This is an archive of a fact-check originally published Tuesday, February 14th, 2012 at 8:59 a.m. The ruling has since been revised.
"The majority of Americans are conservatives."
Marco Rubio on Thursday, February 9th, 2012 in a speech at the CPAC conference
Liberals may want to argue with Sen. Marco Rubio’s remarks at the 2012 Conservative Political Action Conference in Washington.
But they don’t have the evidence to argue with this statement: "The majority of Americans are conservatives."
Rubio had some fun riffing on that at CPAC.
"You know, somebody asked me: ‘How do you know that? How do you know Americans are majority conservative?’ Here’s why: How come liberals never admit that they are liberals? They never admit it. They’ve now come up with a new word called progressive, which I thought was an insurance company, but apparently it’s a label."
A few minutes later, he noted that Republicans argue over who is most like Ronald Reagan. But, he added, "the Democrats never fight about who is more like Jimmy Carter."
We’ll leave aside that point to focus on Rubio’s claim that the majority of Americans are conservatives.
The Gallup Poll has been regularly asking Americans about their political ideology since 1992, and they compile the results of many polls each year and release an annual report.
For 2011, Gallup found that the largest group of Americans identify as conservative, at 40 percent. Another 35 percent identify as moderate, while 21 percent identify as liberal.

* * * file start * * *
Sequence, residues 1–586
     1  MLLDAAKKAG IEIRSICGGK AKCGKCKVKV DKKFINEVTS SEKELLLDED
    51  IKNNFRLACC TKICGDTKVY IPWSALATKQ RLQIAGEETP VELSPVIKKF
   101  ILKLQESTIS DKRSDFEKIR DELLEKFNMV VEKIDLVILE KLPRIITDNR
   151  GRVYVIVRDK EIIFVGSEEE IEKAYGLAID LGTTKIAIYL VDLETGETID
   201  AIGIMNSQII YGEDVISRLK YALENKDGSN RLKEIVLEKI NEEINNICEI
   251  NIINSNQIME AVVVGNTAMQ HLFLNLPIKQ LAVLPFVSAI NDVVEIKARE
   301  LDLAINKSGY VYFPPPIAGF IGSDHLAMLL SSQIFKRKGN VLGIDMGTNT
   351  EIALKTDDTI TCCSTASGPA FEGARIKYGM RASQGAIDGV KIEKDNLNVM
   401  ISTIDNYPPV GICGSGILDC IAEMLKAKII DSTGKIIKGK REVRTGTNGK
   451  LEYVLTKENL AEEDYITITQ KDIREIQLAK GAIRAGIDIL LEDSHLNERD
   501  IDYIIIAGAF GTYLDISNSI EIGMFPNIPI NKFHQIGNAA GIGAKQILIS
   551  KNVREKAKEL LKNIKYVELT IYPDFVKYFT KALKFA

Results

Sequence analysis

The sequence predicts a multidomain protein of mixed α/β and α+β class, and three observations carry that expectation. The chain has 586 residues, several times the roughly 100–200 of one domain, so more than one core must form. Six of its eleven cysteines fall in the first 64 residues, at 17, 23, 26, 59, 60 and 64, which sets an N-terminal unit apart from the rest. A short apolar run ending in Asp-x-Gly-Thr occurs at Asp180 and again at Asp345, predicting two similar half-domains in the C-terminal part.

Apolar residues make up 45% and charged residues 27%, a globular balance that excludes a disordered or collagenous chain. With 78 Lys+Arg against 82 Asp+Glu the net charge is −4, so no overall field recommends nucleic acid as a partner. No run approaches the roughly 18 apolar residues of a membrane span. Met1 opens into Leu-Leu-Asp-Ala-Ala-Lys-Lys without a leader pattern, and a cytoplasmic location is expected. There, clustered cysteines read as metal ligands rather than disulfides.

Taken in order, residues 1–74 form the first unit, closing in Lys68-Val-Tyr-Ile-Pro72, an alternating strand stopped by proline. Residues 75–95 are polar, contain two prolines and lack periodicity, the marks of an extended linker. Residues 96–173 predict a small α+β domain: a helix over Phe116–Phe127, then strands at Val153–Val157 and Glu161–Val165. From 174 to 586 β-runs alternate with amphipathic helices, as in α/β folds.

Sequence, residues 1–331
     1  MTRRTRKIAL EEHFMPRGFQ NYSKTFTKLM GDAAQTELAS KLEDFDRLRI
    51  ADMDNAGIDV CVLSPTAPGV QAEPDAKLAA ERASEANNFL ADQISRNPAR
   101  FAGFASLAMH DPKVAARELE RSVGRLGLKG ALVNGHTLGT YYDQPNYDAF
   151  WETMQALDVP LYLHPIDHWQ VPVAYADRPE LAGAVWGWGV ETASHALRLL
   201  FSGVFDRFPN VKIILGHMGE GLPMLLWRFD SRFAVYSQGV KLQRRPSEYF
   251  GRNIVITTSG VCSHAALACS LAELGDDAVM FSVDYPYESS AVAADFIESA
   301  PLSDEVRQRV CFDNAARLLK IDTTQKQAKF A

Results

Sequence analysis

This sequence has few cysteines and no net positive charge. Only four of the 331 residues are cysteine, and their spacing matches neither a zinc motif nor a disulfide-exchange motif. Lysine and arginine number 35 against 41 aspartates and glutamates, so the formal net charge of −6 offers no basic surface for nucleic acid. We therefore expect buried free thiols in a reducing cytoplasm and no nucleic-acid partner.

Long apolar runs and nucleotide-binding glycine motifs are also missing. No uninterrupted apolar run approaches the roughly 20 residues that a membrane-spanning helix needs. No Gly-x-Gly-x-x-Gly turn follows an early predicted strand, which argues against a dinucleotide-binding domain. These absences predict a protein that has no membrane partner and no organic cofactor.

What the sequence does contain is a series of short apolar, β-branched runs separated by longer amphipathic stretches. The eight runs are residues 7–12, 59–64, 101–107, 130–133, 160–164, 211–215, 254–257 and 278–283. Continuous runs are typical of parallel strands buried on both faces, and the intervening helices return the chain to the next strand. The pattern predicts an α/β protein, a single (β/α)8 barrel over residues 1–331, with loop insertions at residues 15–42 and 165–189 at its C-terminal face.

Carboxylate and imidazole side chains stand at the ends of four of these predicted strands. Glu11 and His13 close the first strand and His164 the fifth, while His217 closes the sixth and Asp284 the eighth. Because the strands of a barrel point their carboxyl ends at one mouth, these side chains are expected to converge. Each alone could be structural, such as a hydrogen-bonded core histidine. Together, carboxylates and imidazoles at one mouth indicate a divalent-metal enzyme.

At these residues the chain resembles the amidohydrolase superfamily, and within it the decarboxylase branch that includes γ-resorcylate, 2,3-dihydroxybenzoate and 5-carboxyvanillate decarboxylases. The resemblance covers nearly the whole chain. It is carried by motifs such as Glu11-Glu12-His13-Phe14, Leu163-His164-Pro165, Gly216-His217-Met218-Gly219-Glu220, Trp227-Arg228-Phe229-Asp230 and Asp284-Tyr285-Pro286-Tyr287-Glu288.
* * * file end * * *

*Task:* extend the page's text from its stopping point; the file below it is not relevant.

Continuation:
That trend has fluctuated a bit over the years, with moderates sometimes slightly outnumbering liberals. But liberals have consistently numbered much less. (See Gallup’s chart for the clear contrast.)
We have two nits to pick with Rubio’s statement, though.
First, he said a majority of Americans are conservatives. In Gallup’s poll, the number has never crossed the 50 percent threshold. Technically, he would be more accurate if he said a plurality of Americans are conservative.
Second, we should note that while more Americans identify as conservative, that has not redounded to the good fortune of the Republican Party.
More Americans than ever identify as political independents, at 40 percent. Republicans don’t even come in at second -- that would be the Democratic Party, claiming the allegiance of 31 percent of Americans. Republicans get third place, with 27 percent claiming the GOP label.
And here’s another wrinkle: When you ask people which party they lean toward, the independents split up so that the country is almost evenly divided. For the year of 2011, Gallup reported that 45 percent of Americans identified as Republicans or leaned that way, while 45 percent identified as Democrats or leaned that way.
Rubio said that the majority of Americans are conservative. A respected ongoing poll from Gallup shows that conservatives are the largest ideological group, but they don’t cross the 50 percent threshold. So we rate his statement Mostly True.
About this statement:
Published: Tuesday, February 14th, 2012 at 8:59 a.m.
Subjects: Polls and Public Opinion
Sen. Marco Rubio, remarks at CPAC, Feb. 10, 2012
Gallup, Conservatives Remain the Largest Ideological Group in U.S., Jan. 12, 2012
Gallup, Record-High 40% of Americans Identify as Independents in '11, Jan. 9, 2012
Gallup, Mississippi Most Conservative State, D.C. Most Liberal, Feb. 3, 2012
Written by: Angie Drobnic Holan
Researched by: Angie Drobnic Holan
Edited by: Amy Hollyfield
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